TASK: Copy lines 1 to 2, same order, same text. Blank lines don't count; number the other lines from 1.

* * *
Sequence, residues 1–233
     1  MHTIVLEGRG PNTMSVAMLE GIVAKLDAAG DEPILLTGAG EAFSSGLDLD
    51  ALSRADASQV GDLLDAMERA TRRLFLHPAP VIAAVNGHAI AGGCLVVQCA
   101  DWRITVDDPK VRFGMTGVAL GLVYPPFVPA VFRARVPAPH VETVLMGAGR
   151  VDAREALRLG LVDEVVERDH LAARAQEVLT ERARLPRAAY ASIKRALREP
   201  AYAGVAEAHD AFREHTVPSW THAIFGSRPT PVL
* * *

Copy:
Sequence, residues 1–233
     1  MHTIVLEGRG PNTMSVAMLE GIVAKLDAAG DEPILLTGAG EAFSSGLDLD